Warning Signs of Binge Eating Disorder
Eileen Bailey | June 12, 2015
Binge eating disorder (BED) is characterized by eating large quantities of food and feel powerless to stop. Those who binge eat might eat when not hungry or feel uncomfortably full. Many people with BED are overweight, however it is possible to have a normal weight and still have BED.
History of failed diets
Binge eating disorder occurs more frequently in those who have a history of dieting, especially if diets have failed in the past. According to one study, the risk of binge eating increases with the frequency of dieting. [Field et al 2003]
Eating large quantities of food
Those with binge eating disorder eat large amounts of food in a short amount of time. They frequently eat very quickly in order to eat more. They may appear as if they have no control over how much food they are eating.
Many people with binge eating feel guilt after gorging themselves. They may express remorse at having eaten a great deal of food. This often becomes a cycle - guilt and remorse can lead to more binge eating, which results in more guilt and then more eating.
Any type of change in eating habits can cause a change in menstrual cycles. Binge eaters might have irregular periods, skip periods or stop getting their period (amenorrhea).
Stomach and intestinal problems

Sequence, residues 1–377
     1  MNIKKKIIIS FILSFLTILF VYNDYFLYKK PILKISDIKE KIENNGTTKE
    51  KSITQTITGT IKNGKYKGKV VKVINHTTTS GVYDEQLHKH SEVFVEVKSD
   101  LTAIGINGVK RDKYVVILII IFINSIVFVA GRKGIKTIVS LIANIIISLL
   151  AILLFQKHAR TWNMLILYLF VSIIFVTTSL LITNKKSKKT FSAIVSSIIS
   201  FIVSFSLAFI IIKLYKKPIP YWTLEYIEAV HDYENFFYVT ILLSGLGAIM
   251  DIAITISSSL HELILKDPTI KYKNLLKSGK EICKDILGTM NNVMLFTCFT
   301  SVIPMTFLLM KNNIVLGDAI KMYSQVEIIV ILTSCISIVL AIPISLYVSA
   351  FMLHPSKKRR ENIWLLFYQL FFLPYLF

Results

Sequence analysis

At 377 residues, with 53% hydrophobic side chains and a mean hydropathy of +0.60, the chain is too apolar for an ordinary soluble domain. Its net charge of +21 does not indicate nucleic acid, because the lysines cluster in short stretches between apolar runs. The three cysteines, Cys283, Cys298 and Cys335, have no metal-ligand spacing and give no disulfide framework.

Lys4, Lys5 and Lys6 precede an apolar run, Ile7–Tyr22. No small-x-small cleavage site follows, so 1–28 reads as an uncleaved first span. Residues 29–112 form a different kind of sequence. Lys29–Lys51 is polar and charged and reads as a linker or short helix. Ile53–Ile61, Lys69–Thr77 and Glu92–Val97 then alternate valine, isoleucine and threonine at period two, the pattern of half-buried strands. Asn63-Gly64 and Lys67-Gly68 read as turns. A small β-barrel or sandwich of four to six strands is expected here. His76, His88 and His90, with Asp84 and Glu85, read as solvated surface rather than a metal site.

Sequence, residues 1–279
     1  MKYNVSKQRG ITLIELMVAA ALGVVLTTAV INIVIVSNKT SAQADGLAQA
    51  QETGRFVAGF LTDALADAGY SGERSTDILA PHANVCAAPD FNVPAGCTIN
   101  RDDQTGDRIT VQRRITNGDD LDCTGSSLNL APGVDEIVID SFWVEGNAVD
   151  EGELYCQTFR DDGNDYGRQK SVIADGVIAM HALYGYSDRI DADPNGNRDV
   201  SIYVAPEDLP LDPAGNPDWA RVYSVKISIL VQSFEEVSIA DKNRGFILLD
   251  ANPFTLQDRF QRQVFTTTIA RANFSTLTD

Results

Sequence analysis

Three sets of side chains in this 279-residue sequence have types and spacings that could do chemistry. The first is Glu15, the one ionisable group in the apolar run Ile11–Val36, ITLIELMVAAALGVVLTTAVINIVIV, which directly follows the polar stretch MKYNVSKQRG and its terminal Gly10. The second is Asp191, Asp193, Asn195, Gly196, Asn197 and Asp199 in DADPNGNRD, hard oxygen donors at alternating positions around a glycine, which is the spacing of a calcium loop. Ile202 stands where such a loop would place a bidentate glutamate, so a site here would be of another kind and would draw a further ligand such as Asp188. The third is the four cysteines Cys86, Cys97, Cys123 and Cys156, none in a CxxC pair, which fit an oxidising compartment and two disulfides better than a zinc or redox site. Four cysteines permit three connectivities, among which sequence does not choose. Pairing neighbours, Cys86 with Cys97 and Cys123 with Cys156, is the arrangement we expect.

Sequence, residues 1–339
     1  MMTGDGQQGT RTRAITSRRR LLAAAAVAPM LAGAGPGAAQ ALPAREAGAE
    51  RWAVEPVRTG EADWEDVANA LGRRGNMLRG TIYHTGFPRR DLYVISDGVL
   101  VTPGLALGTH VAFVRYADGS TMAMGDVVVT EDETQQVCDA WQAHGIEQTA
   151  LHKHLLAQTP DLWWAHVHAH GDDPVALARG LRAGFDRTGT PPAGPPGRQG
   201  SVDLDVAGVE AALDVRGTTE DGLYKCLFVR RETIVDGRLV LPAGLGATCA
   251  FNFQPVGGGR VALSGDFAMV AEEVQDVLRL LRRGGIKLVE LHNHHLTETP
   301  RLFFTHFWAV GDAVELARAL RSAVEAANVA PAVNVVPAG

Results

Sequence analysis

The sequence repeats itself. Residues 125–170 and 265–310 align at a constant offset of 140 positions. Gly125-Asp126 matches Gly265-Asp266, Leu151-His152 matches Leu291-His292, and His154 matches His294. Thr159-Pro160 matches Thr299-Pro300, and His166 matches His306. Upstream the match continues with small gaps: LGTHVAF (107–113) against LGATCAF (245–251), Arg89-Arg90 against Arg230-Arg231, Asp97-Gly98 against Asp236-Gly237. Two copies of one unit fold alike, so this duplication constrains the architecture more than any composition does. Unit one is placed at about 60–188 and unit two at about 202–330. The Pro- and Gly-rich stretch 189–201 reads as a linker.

Some of the physical repercussions of binge eating include frequent bowel movements, involuntary vomiting (not for purging), abdominal bloating and heartburn. Those with binge eating disorder might increase their use of antacids to help calm their digestive system.
While anorexia and bulimia are most often associated with dental problems because they are associated with a lack of nutrients, binge eating can also cause dental problems. Involuntary, but consistent, vomiting can harm teeth and gums. Additionally, binge eaters often eat unhealthy foods, leading to poor nutrition.
Binge eaters often hide their eating. You might notice food missing from the refrigerator or cabinets. You might find empty containers and boxes of food hidden under beds, in closets or stuffed in the trash can. You might also find stashes of food, especially junk food, which is hidden to keep their eating a secret.
Binge eaters can be embarrassed about their eating. They might suddenly prefer to eat alone, where they can quickly eat a lot of food without others paying attention.
What you can do
It’s important to be sensitive if you think someone you love has binge eating disorder. Offer your support, without judgment. Encourage him or her to seek help. Stay away from accusations, insults and lecturing. Let her know that you are there to provide support because you care about her health and happiness.